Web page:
I highly recommend a blog post I stumbled on called “Gas Drilling, Conflict of Interests, and Lobbying.”

It focuses on New York law, but perhaps Pennsylvania has some similar guidelines? According to New York’s Commission on Public Integrity,

As a general matter, recusal  would be required if the facts and circumstances suggest that the subject trustee has a substantial, personal interest in the outcome of the BID budget vote.  Even the appearance of such an interest would require recusal, in order to maintain public confidence in  government.

This is a problem a lot of Pennsylvania communities need to address head on. Both of the lawyers the blogger consulted “strongly recommended that  the public should attend those local board meetings and ask each board member, on the record, to clarify the leased  status of their and their family’s  real property holdings.

Unanswered Questions About The Economic Impact of Gas Drilling In the Marcellus Shale: Don’t Jump to Conclusions

by Jannette M. Barth, Ph.D.

The paper was prepared for New York. Too bad no such report was available for Pennsylvania before drilling started. From the intro:

The studies used to support the claim that drilling will bring economic benefits to New
York are either biased, dated, seriously flawed, or simply not applicable to the region that
would be affected. Such studies are not a valid foundation on which to base legislative or
regulatory actions.

I also like the firm debunking of “An Emerging Giant: Prospects and Economic Impacts of Developing the Marcellus Shale Natural Gas Play,” aka “the Penn State study.” To wit:

The report is an exercise commissioned by the natural gas industry to try to prevent the State of Pennsylvania from imposing a severance tax on natural gas. An intelligent lawmaker should not take this study seriously.

Read the report

We Care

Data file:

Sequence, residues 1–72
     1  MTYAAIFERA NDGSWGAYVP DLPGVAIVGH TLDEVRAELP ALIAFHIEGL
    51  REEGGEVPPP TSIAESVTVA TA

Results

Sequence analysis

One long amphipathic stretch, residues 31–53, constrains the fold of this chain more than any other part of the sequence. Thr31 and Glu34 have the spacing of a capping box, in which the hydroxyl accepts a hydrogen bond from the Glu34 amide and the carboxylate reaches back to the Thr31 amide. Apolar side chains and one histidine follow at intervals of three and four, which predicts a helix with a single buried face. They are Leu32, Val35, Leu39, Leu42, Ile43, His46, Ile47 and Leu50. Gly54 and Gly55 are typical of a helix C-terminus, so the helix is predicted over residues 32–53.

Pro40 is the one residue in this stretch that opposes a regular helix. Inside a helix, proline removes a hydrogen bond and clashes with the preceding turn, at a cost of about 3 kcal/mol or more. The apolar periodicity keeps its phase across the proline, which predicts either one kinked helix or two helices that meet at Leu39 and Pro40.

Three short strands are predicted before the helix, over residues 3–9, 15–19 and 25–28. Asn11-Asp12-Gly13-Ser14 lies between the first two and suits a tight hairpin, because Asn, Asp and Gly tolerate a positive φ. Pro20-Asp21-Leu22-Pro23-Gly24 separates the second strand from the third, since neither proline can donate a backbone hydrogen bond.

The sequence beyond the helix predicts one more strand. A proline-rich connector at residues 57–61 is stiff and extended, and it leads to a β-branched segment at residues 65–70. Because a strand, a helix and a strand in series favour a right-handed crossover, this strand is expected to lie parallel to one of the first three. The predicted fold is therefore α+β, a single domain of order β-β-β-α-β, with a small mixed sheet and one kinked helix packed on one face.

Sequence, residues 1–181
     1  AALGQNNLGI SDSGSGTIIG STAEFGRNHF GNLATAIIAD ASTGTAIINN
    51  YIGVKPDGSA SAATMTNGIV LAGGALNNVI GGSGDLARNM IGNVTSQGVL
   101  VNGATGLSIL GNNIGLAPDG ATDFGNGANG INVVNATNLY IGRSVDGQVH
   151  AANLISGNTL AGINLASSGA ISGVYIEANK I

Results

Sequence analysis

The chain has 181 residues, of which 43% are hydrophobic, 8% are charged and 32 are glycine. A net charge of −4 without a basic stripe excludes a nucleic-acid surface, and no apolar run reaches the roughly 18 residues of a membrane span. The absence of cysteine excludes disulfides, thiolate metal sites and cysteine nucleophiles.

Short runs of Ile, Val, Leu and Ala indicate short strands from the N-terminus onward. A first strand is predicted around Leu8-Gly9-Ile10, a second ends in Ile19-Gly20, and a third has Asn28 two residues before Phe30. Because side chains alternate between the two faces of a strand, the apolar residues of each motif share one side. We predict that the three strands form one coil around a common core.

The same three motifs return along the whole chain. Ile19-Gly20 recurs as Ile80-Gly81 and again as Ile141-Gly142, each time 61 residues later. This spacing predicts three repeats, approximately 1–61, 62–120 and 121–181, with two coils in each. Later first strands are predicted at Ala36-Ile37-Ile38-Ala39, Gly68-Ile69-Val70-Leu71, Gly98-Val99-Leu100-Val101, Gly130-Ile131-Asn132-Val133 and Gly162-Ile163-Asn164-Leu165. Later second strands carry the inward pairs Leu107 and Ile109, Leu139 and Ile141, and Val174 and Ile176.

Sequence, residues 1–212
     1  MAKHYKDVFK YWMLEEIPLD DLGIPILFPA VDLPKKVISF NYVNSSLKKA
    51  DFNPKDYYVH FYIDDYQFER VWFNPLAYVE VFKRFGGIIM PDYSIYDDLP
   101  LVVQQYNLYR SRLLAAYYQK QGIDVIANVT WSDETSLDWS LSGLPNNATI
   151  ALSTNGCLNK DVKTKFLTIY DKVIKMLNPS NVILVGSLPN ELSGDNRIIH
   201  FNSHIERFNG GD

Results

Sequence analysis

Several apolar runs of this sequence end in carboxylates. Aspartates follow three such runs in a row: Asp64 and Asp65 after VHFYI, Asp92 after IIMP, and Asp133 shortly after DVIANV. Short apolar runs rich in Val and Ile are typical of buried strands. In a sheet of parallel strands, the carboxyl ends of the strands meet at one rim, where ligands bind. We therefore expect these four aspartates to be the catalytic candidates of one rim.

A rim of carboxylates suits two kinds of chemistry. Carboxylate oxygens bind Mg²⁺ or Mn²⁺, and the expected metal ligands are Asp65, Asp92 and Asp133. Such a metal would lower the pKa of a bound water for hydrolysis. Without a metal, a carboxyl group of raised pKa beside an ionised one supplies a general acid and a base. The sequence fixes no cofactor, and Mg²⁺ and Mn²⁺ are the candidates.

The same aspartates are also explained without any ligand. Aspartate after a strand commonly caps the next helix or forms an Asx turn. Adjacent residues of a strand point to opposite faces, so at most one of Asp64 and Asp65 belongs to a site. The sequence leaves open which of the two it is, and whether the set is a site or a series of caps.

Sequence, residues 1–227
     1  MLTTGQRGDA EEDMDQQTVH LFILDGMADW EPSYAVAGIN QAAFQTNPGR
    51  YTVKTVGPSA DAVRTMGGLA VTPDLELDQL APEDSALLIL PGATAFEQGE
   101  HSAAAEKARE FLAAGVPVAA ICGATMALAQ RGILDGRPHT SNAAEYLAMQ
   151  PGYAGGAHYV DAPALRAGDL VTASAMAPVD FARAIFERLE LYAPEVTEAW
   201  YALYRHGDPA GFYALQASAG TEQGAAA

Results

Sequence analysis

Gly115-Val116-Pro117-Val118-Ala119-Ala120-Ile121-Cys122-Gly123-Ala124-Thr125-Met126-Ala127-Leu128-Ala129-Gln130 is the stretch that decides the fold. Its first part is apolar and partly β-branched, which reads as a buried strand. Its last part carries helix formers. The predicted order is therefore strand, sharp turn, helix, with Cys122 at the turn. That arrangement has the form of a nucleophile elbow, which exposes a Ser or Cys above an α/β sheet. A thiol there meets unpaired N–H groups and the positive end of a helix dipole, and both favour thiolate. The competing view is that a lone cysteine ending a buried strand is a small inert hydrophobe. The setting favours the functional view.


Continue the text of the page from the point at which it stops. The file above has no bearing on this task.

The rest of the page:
This weekend, I went with dothemountain to visit with some people I had talked to on the phone.

I can write lovely and accurate articles about their problems–and I will in the coming weeks–, but there’s nothing like seeing these people and places and SMELLING the air there, that bring the pain and the scope of the problem into perspective.

To share some of their stories, we are collaborating on a photo blog called “The Faces of Frackland.” Everyday, we’ll show you the picture of someone whose life has been impacted by gas drilling.

We want to show you the farmers, activists, fishers, hunters, environmentalists, organizers, landowners with split estates or never-ending leases, neighbors, family, pets and animals, outdoor people, people who are sick, and other citizens like you who care what happens to our air, water, and land.


I’m still trying to track down a story that possibly involves this well. I’ve heard that in late 2008, a spring went turbid near Pine Glen (…Burnside, Snow Shoe) and that there were concerns about the aquifer. It was never reported to the PA DEP. If anyone has more information, please contact me.
It also bears repeating that while Engelder is a PSU professor, he also doubles as a paid consultant to the gas industry. The figures cited by the CEO are also figures the industry paid for.


Centre Daily Times (State College, PA) – Thursday, December 11, 2008
Author: Nick Malawskey nmalawsk@centredaily.com

STATE COLLEGE — The first natural gas extraction wells drilled in Centre County are showing promise, placing the county in a very positive position as commercial interest in the Marcellus Shale natural gas reserve increases. The shale occurs in the subsurface beneath much of Ohio, West Virginia, Pennsylvania and New York and has the potential to be the largest natural gas field in the United States. One of the first wells in the area to explore the shale — owned by Exco Resources near Snow Shoe, was planned for 3,500 feet.

“And here’s the punch line for Centre County,” Penn State professor Terry Engelder said Wednesday at a natural gas summit. “Exco said it was going to drill to 3,500 feet … in fact they only went to 1,700 feet and hit a fault.” That fault allowed for the extraction of gas — 1,800 feet higher than expected and at a rate of 1 million cubic feet a day, according to the company’s third quarter results statement.